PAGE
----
6 Ways to Boost Your Credit Score
Lenders have recently tightened up their standards for everything from credit cards to home loans. For the most part, qualifying for credit comes down to your credit score, a three-digit number that rates how likely you are to make your payments on time and in full. A score below 620 can make it harder – and more expensive – to get loans, while a score above 800 often means first-class treatment from lenders. Although credit scores are increasingly a source of concern for many consumers, they aren't like height or eye color. There's a lot you can do to change yours. It just takes time and focus. Here are six ways to boost this important number:
1. Pay your bills on time. Any late payments eat away at your score. And missing payments on all of your bills for even a single month can make your credit score tumble dramatically. If you procrastinate, are too busy or have a hard time remembering due dates, consider automatic bill payment through your bank.
2. Reduce debt. Lenders consider how much you already owe when approving or rejecting your application for more credit. Pay down what you can't pay off.
3. Keep your lines open. It may seem to fly in the face of common sense, but you shouldn't cancel your current credit cards. Your credit rating is partly determined by comparing how much you've actually borrowed to how much you're approved to borrow. If you have credit cards with high limits and low balances, you can chop up the plastic if you wish, but don't close the account. It shows lenders that you're a responsible user of the credit you already have.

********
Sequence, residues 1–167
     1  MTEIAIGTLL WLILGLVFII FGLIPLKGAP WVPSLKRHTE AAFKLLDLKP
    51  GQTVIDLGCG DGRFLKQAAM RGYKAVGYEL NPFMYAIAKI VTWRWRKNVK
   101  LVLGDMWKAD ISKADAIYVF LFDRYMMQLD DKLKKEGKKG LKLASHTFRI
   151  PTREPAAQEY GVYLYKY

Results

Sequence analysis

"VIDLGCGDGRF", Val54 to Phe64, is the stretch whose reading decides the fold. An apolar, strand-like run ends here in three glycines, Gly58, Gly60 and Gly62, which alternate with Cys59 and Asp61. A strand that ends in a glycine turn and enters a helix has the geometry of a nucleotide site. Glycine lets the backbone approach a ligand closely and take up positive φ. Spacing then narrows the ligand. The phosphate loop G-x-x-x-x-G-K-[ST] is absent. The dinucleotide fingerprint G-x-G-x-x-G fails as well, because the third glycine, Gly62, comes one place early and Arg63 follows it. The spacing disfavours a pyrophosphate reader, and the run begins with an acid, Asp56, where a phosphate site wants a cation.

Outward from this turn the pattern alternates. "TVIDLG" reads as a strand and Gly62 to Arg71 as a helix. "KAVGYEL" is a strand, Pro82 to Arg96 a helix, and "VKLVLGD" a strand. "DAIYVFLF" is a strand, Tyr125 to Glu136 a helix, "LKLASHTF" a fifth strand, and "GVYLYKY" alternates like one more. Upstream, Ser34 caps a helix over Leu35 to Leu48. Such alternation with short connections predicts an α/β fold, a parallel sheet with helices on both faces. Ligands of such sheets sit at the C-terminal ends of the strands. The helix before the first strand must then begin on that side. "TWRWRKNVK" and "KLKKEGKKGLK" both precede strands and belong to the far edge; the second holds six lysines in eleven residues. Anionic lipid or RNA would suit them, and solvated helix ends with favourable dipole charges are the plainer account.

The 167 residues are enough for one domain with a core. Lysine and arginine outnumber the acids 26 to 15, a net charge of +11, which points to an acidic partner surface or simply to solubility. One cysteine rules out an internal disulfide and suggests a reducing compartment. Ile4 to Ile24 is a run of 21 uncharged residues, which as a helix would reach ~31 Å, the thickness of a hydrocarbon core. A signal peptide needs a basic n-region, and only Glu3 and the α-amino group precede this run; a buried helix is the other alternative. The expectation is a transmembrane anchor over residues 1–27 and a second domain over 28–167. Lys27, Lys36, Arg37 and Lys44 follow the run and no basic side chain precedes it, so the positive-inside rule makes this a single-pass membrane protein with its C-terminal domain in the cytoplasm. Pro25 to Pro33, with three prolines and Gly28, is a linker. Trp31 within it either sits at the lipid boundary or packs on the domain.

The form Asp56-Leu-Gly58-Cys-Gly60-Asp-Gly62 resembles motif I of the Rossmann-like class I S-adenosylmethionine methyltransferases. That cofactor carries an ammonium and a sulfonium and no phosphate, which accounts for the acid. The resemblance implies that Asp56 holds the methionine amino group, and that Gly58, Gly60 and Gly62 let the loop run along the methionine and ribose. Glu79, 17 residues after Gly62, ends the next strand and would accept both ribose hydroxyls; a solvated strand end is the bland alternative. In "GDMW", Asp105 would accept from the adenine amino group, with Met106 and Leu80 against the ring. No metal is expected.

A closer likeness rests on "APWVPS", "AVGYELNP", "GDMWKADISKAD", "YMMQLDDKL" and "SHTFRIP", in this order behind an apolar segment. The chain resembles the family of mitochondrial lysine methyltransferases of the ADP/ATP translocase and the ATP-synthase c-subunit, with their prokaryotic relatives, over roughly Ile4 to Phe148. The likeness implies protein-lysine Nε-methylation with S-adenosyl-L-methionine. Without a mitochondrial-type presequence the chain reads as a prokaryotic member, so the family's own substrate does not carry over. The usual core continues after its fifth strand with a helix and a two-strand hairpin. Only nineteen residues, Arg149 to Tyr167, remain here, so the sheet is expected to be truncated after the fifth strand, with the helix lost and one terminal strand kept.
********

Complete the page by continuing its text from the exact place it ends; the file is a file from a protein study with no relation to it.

4. Avoid bankruptcy. It can stay on your credit report for up to a decade. If you can, keep paying your bills, even if it means macaroni and cheese four nights a week, disconnecting the cable and taking a second job.
5. Get sound advice. Consider credit counseling from a nonprofit consumer credit agency. They may even be able to help by negotiating a debt-repayment plan with lower interest rates. However, you should avoid for-profit debt-settlement firms, which can disappear suddenly, leaving your credit score worse than it was to begin with.
6. Know your score. Under the Fair Credit Reporting Act (FCRA), you are entitled to a free credit report every year from each of the three national credit-reporting bureaus – TransUnion, Equifax and Experian. If you're ever denied credit, you are also entitled to a free credit report from the agency whose report was used to deny you credit. If your credit report contains inaccuracies, you can appeal to the agency to correct it.
For your free credit report, visit annualcreditreport.com, or call 1-877-322-8228. If you'd rather mail your request, fill out the Annual Credit Report Request Form and send it to:
Annual Credit Report Request Service
P.O. Box 105281
Atlanta, GA 30348-5281